Defining efficacy in meningococcal vaccine trials

Author(s): Paul B Keiser, Christopher J Gill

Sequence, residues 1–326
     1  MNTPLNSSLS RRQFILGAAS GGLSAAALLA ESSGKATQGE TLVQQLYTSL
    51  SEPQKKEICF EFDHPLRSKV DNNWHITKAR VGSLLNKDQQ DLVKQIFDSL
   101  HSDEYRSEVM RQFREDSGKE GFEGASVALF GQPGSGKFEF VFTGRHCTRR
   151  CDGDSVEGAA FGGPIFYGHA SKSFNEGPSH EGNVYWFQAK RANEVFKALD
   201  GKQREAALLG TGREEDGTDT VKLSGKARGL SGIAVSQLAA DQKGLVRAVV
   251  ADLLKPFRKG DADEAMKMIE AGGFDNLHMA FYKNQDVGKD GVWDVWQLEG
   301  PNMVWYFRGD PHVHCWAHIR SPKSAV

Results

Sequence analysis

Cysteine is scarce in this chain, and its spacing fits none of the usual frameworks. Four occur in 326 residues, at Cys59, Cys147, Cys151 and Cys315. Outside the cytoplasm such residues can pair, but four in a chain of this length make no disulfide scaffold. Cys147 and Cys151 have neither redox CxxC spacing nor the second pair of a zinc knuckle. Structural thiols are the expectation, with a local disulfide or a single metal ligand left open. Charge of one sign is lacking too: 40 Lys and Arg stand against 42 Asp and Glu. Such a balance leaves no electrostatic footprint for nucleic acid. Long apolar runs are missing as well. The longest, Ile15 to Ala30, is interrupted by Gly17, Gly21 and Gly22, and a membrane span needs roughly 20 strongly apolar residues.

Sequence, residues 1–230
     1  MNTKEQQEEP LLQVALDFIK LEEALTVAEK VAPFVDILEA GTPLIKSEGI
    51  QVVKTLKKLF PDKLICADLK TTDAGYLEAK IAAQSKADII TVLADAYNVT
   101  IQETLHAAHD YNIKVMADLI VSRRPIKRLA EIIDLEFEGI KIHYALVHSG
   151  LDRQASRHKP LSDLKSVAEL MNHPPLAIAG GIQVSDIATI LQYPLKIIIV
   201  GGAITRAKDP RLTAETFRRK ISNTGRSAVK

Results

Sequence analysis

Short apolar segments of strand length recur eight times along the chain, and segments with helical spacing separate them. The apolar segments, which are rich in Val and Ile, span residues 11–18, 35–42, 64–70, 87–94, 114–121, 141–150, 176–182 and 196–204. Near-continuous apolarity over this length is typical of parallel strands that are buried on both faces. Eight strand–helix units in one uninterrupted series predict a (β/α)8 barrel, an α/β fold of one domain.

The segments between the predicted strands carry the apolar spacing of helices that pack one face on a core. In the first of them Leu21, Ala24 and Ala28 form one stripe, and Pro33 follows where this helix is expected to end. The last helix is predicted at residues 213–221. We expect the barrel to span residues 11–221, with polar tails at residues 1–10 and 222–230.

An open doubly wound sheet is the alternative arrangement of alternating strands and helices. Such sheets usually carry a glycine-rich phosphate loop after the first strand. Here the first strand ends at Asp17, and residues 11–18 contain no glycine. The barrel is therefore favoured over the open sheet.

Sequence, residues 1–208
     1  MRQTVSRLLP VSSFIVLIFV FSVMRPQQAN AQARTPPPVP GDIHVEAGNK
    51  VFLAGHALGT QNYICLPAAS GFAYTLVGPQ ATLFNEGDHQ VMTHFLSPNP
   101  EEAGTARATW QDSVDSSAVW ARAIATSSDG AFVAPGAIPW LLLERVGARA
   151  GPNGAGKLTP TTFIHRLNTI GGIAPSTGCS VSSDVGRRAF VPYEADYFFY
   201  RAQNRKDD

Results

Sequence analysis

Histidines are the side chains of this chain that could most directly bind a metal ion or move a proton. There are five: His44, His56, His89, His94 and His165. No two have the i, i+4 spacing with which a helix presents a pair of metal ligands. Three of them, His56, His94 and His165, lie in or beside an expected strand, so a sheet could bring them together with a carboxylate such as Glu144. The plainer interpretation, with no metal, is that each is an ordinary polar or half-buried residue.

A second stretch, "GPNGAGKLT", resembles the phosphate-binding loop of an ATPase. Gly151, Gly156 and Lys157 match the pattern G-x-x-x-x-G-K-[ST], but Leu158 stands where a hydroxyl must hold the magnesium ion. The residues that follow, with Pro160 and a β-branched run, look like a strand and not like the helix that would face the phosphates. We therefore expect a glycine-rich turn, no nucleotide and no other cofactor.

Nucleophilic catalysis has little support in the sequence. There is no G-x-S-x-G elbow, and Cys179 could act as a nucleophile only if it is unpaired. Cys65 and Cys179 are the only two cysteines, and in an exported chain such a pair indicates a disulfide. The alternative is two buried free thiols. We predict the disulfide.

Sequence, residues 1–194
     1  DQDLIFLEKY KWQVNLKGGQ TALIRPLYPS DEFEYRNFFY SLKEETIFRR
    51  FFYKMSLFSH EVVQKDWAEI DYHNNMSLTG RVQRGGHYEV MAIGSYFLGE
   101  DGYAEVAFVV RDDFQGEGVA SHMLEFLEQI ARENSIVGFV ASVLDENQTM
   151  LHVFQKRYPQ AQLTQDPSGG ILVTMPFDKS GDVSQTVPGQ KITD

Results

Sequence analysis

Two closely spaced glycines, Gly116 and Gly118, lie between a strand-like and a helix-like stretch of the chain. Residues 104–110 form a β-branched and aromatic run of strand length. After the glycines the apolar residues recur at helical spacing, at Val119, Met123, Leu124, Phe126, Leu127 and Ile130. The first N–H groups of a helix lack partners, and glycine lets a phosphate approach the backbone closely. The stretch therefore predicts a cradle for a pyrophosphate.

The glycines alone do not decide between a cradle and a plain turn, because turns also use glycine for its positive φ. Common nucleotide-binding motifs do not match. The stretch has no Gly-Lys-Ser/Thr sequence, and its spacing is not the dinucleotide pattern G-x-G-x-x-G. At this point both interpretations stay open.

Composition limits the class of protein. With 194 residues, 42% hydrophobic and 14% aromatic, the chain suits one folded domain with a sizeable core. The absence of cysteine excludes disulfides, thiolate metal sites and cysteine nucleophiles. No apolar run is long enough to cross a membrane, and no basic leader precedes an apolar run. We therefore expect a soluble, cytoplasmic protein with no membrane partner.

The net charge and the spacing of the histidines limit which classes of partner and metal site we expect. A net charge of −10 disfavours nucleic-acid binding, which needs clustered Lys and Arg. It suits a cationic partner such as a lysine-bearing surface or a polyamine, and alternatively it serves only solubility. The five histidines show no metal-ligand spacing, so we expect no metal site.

The incidence of meningococcal carriage and disease is, or will soon be, declining in many countries as the result of effective vaccination campaigns. The low incidence of disease requires the use of surrogate markers of protection in clinical trials of meningococcal vaccines. Assays of serum bactericidal activity (SBA) remain the primary efficacy outcome. Evidence that SBA assays are predictive of immune protection in an individual derives from prospectively studied epidemics; evidence that SBA assays are predictive of protection at the population level come from vaccine efficacy studies. Other immune mechanisms also play important roles, particularly in the large and possibly increasing proportion of meningococcal cases occurring in individuals with complement deficiencies. The declining incidence of asymptomatic carriage will result in less natural boosting of meningococcal immunity with a resulting shorter duration of protection. Our changing epidemiologic circumstances should prompt an ongoing re-assessment of our approach to evaluating vaccine efficacy.